Sept. 6 (Bloomberg) -- Former SAC Capital Advisors LP manager Mathew Martoma, who faces trial in November on insider trading charges tied to illicit tips on an Alzheimer’s drug, got some of his information from New Jersey physician Joel Ross, two people familiar with the matter said.
Ross is the unidentified physician in a revised indictment filed against Martoma Aug. 22, said the people, who requested anonymity because they aren’t authorized to speak publicly. Referred to as Doctor-2, Ross provided confidential information to Martoma about a drug trial in July 2008, the U.S. said.
A geriatrician and clinical associate professor of medicine at Mt. Sinai School of Medicine, he is the founder and chief executive officer of Memory Enhancement Centers in Eatontown, New Jersey, according to his website. He hasn’t been charged.
Martoma, 39, pleaded not guilty to charges of two counts of securities fraud and one count of conspiracy. He faces as long as 20 years in prison if convicted at trial, which is scheduled to begin Nov. 4 in Manhattan federal court.
The U.S. Securities and Exchange Commission has alleged that the other doctor who tipped off Martoma about the drug trials was Sid Gilman, a neurologist who was head of the safety monitoring committee for the drug trial. Gilman, who worked at the University of Michigan, has entered into a non-prosecution agreement and agreed to cooperate with the government.
Prosecutors in the office of Manhattan U.S. Attorney Preet Bharara’s said Ross conducted paid consultations with Martoma, which were arranged through an unidentified “financial services firm” that provided expert networking services to SAC, the hedge fund company founded by Steven A. Cohen.
“Doctor-2 provided confidential information about the drug trial and other Alzheimer’s disease drug trials to Martoma with the expectation that Martoma would assist Doctor-2 in obtaining additional clinical trial business,” according to court papers.
Ross received his medical degree from the State University of New York Downstate Medical Center in Brooklyn, according to his website. It describes continuing clinical trials of Alzheimer’s medications and states Ross was named Alzheimer’s Caregiver Humanitarian of the Year in 2011.
The U.S. alleged Martoma used information from two doctors, who were involved in the trial of the Alzheimer drug bapineuzumab, or “bapi,” to help the hedge fund make $276 million by trading in shares of Elan Corp. and Wyeth LLC. The government has called it the biggest insider-trading prosecution of an individual in U.S. history.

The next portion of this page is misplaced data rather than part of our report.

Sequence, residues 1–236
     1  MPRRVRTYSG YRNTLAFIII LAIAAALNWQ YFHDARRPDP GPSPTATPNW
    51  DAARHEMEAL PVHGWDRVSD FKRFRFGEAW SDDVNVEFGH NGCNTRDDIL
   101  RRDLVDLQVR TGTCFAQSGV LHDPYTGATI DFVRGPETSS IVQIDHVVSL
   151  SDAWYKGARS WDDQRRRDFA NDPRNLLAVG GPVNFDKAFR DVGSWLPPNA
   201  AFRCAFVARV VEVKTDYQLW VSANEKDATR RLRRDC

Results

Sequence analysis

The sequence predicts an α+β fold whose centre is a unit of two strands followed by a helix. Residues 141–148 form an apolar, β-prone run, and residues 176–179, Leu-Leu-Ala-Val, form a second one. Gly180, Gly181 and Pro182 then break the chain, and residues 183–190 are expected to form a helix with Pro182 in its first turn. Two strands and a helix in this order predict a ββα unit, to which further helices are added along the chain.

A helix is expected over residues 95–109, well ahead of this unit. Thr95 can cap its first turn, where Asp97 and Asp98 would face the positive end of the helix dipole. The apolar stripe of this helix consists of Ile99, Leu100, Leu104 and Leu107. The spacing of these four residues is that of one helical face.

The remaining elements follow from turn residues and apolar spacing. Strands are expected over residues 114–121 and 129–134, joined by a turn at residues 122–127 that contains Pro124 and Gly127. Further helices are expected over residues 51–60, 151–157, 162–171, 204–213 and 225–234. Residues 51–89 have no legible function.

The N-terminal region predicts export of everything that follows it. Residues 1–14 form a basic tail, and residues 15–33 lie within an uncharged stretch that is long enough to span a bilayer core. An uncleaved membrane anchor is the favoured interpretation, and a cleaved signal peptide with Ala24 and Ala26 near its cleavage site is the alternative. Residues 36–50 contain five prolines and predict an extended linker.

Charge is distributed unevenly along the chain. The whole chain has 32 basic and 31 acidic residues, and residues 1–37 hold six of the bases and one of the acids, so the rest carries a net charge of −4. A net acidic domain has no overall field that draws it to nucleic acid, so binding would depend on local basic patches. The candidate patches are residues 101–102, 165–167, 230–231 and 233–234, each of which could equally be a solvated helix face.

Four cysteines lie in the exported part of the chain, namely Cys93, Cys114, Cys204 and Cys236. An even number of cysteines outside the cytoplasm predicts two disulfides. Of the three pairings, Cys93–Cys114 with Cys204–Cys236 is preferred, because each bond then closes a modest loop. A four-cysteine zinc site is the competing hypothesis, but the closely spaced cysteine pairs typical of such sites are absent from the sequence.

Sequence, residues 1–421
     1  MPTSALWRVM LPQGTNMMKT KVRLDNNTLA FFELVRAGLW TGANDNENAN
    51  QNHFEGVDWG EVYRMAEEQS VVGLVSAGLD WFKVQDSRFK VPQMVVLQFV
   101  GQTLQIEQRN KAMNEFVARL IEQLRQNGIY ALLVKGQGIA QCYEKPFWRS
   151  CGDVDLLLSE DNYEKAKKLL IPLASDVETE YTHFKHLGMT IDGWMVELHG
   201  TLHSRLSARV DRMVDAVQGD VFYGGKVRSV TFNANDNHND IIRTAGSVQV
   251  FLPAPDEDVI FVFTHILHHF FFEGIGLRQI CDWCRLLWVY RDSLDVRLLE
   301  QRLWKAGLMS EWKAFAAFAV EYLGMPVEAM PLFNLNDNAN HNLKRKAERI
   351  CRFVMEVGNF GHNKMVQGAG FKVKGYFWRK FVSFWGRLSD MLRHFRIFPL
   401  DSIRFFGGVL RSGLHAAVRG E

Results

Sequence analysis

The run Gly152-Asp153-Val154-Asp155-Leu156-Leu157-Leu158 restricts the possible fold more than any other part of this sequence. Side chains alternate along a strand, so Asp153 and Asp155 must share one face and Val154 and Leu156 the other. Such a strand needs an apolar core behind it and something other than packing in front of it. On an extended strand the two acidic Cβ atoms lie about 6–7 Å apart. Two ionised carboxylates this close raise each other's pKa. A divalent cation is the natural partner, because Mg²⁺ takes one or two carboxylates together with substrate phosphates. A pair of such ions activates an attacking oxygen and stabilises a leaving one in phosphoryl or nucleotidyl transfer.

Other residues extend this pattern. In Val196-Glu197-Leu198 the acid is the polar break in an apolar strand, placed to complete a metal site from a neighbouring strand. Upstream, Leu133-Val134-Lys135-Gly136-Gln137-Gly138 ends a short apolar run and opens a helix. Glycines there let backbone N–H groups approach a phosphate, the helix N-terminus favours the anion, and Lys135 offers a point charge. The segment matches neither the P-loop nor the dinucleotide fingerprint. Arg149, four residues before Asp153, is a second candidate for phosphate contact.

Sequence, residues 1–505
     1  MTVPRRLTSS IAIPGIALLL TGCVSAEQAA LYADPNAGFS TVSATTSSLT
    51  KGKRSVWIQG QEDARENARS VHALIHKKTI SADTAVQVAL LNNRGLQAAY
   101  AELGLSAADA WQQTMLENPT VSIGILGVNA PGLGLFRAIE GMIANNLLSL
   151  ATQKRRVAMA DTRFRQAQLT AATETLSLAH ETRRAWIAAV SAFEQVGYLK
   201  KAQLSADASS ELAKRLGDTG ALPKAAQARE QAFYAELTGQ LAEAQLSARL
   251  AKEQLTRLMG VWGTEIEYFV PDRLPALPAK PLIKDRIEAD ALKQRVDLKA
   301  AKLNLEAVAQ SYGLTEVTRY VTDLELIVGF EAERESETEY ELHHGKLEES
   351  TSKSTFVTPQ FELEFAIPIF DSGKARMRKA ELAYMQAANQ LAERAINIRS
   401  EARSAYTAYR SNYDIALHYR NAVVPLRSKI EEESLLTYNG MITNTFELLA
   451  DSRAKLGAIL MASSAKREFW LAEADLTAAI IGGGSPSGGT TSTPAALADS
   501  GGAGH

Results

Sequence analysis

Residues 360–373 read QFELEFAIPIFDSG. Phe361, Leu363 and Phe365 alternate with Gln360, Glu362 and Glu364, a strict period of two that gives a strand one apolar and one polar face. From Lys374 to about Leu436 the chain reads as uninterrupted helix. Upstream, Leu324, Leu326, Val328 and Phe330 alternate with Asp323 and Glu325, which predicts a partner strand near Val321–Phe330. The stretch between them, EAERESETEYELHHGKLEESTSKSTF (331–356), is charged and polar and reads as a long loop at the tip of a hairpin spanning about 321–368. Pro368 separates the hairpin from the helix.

Ross didn’t respond to a call seeking comment on the allegations. Richard Strassberg, Martoma’s lawyer, didn’t respond to a voice-mail message left at his office yesterday after regular business hours seeking comment on the allegations. Jerika Richardson, a spokeswoman for Bharara’s office, declined to comment.
SAC, based in Stamford, Connecticut, was indicted in July on insider trading charges. Bharara said the hedge fund reaped hundreds of millions of dollars in illicit profits through separate insider-trading schemes by at least eight former SAC fund managers and analysts, including Martoma.
In the SAC indictment, prosecutors claimed that two unidentified SAC health-care analysts exchanged e-mails with Cohen on April 11, 2008, and the next day about information they’d gotten through a paid consultation with an unidentified clinical investigator on the trial of the Alzheimer’s drug.
Working for Elan in the clinical trial for bapi, Doctor-2 treated Alzheimer’s patients with the drug, then reported to Elan data about their mental and physical condition, according to the government.
On May 29, 2008, Martoma set up a meeting with Doctor-2 for the evening of July 28, shortly after a briefing in which Doctor-2 was to be told the final results of the bapi trial and a day before they were scheduled to be announced publicly, the U.S. said.
In mid-July 2008, Gilman passed Martoma secret data showing that bapi failed to halt progression of Alzheimer’s in patients in the clinical test, the U.S. said.
When Martoma learned that Wyeth and Elan would report negative data on the drug, he had a 20-minute phone call with Cohen, according to the government. The hedge fund owner, at Martoma’s recommendation, sold almost all of the fund’s $700 million position in Elan and Wyeth, then sold the stock short, prosecutors said.
Ross’s identity was reported earlier by the Wall Street Journal. Cohen hasn’t been charged and has denied any wrongdoing.
The case is U.S. v. Martoma, 12-cr-00973, U.S. District Court, Southern District of New York (Manhattan).
To contact the reporter on this story: Patricia Hurtado in Manhattan federal court at firstname.lastname@example.org
To contact the editor responsible for this story: Michael Hytha at email@example.com